“Perry knew how to navigate the environment,” says Dillard. “I did not know how to navigate it.”

He now sees his role at Vanderbilt as providing a contrast to Wallace, with whom Dillard roomed and became good friends and remains in touch. Dillard provided the student body and school officials a stark choice: the more reserved Wallace or an outspoken Dillard. “If you have a choice, its more difficult to reject the one you’re more comfortable with,” Dillard says.

Despite a volatile freshman year, Dillard was committed to completing his mission to help integrate the SEC. He returned as a sophomore ready to play basketball and aiming to possibly make the varsity squad as sixth man. His goal was shattered, however, when on Halloween night during a team workout he injured his knee, requiring surgery and ending his season.

That year, as president of the fledgling Afro-American Association, Dillard supported inviting activist Stokely Carmichael to speak on campus. Carmichael’s controversial visit heightened concerns across Nashville over the threatening tone the push for civil rights was adopting.

Dillard, who had just experienced the Detroit riots of 1967, may not have fully appreciated the disquieting effect the social upheaval was having in the South.

“The environment that was created was you were beginning to have all these racial movements and some of it was getting rather aggressive,” recalls Wallace. “I don’t think Godfrey understood how much Nat Turner fear and anger was around in the South and extending into campus.”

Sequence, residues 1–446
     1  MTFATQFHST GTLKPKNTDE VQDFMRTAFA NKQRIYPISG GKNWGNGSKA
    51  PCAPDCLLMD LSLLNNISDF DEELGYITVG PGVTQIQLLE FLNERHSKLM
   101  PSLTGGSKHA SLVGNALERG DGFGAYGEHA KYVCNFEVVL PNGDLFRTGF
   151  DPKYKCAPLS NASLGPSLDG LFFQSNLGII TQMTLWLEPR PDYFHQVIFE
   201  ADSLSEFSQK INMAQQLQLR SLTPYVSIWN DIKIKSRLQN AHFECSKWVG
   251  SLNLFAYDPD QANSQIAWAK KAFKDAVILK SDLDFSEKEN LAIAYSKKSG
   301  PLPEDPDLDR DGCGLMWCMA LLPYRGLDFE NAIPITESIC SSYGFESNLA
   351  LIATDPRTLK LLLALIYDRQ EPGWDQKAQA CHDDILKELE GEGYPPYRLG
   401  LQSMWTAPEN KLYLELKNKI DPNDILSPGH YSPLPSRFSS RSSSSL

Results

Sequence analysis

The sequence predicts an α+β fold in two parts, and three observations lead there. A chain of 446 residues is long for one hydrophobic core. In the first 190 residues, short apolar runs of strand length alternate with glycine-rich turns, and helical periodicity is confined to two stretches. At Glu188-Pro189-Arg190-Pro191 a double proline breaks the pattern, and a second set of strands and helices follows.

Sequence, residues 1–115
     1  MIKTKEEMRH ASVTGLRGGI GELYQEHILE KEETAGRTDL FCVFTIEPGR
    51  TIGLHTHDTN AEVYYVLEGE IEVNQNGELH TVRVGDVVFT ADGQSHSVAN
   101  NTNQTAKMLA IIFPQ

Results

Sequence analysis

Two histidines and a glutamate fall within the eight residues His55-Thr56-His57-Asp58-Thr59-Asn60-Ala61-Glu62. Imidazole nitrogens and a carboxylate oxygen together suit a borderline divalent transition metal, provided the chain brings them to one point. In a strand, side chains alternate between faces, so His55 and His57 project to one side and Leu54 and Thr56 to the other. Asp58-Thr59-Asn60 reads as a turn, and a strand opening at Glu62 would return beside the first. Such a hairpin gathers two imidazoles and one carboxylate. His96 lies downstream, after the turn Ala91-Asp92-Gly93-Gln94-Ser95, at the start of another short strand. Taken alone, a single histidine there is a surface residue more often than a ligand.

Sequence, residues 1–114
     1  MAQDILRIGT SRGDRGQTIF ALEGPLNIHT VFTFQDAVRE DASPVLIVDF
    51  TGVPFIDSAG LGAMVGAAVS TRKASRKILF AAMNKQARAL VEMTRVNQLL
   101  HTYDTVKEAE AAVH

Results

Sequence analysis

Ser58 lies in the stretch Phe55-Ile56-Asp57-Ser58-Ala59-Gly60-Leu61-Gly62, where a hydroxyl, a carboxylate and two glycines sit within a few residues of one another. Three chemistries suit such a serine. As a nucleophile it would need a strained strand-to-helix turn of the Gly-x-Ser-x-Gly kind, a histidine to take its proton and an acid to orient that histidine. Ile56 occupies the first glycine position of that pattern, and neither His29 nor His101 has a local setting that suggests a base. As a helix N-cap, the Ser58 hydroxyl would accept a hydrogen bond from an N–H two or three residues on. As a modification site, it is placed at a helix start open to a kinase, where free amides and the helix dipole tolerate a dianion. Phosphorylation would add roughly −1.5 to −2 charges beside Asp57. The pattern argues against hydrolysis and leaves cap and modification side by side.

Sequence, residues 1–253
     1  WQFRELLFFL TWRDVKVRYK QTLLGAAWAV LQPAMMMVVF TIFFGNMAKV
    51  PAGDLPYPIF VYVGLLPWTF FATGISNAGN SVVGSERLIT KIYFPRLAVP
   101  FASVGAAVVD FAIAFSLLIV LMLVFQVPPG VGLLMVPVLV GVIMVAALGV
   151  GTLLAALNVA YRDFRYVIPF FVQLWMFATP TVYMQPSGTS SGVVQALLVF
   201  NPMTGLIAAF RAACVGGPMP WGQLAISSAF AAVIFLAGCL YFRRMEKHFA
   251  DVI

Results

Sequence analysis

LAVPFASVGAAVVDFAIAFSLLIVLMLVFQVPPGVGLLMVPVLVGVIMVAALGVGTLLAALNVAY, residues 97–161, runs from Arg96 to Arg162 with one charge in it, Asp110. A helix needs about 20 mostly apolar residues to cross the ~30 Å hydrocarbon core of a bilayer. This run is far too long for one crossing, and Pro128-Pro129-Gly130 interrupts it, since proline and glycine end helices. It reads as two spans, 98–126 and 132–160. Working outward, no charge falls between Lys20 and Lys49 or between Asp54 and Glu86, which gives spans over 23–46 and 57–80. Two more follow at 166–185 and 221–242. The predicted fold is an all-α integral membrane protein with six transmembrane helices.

Some of that fear and distrust, according to Wallace, could be found in active university alumni and supporters who carried a good deal of influence over the athletic department.“They’re the ones who had the power, the least amount of knowledge, and the most amount of fear,” says Wallace.

Dillard came to believe his political activism drew disapproval from those influential forces and that he suffered the consequences.

When Dillard returned his junior year, poised to make a major contribution to the varsity team, he took a spirit-crushing blow when he was cut and demoted to the B team, which only played in scrimmages and practices. Coach Skinner always insisted the knee injury and the year Dillard missed playing as a sophomore were to blame, but Dillard was convinced the decision had nothing to do with his skills on the basketball court.